Oceanit has teamed up with the Hawai’i Department of Transportation (HIDOT) and students from Oahu’s Waianae High School to gather data on Makaha Beach Park’s shifting sands and the impacts on nearby Farrington Highway.
With support from Hawaii’s GEER Grants program, Oceanit is bringing together government & education to involve students in real-world sustainability work for Oahu’s coastlines and infrastructure. Makaha Beach and Farrington Highway are particularly important for residents and HIDOT for good reason: there is only one road in and out of the area.
Particularly during winter months, sands shift away from one part of the beach park, exposing the highway to erosion. In addition, storm swells have the ability to wash sand over the road, making driving dangerous.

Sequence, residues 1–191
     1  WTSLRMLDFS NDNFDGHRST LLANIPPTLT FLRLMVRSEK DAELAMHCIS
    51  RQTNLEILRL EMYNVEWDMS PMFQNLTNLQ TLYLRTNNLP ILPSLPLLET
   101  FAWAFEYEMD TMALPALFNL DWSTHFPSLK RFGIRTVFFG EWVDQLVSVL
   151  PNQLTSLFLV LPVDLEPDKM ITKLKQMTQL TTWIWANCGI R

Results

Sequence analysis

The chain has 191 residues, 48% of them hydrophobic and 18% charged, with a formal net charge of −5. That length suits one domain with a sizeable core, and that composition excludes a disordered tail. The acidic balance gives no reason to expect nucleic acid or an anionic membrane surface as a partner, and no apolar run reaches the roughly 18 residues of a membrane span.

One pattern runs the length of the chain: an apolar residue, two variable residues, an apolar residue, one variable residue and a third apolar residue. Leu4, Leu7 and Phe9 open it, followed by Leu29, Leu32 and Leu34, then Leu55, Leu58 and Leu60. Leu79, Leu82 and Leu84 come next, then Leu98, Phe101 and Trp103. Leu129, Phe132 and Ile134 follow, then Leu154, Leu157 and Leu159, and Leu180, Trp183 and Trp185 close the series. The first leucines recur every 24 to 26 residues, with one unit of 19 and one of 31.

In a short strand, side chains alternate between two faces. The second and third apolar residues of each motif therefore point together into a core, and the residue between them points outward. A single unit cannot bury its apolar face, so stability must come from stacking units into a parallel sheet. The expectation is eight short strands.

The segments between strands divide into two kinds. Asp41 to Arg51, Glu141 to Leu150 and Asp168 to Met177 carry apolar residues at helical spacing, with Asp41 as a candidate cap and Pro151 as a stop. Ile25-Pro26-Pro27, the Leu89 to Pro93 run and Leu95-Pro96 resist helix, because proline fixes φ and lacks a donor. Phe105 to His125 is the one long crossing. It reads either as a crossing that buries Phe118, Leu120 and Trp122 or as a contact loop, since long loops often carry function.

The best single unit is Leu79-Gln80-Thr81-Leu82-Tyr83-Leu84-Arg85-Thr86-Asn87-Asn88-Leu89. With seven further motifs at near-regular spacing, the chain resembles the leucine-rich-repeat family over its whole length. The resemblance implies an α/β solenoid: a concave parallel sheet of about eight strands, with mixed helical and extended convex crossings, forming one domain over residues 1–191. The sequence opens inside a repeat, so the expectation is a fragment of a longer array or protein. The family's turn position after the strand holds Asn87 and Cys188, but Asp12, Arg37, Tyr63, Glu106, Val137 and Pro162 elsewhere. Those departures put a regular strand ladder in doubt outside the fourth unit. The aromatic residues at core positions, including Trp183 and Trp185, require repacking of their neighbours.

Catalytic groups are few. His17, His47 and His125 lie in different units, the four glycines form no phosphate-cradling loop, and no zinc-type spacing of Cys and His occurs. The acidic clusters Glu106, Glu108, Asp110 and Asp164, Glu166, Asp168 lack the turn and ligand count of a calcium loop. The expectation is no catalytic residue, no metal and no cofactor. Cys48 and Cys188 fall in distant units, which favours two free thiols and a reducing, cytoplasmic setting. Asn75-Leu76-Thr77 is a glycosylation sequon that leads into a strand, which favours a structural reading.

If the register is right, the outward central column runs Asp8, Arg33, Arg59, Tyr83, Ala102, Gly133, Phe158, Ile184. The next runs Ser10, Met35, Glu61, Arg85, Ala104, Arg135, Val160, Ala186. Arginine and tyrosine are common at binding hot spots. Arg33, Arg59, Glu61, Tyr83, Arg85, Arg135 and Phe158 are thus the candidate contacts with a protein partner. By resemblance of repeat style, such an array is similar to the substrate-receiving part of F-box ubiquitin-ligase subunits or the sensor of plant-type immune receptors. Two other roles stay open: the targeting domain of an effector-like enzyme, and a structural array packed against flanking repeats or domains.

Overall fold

Oceanit’s team is teaching students how to measure erosion and seasonal changes at the beach park, capturing ground and aerial measurement data, learning to fly drones, and mapping changes to the coastline. Through this surveying activity, students will help HIDOT understand seasonal and climate impacts to the only road connecting Oahu’s leeward side. Student groups from Waianae high school will interpret data and offer insights and possible courses of action that the community can take to protect the area and the vital roadway.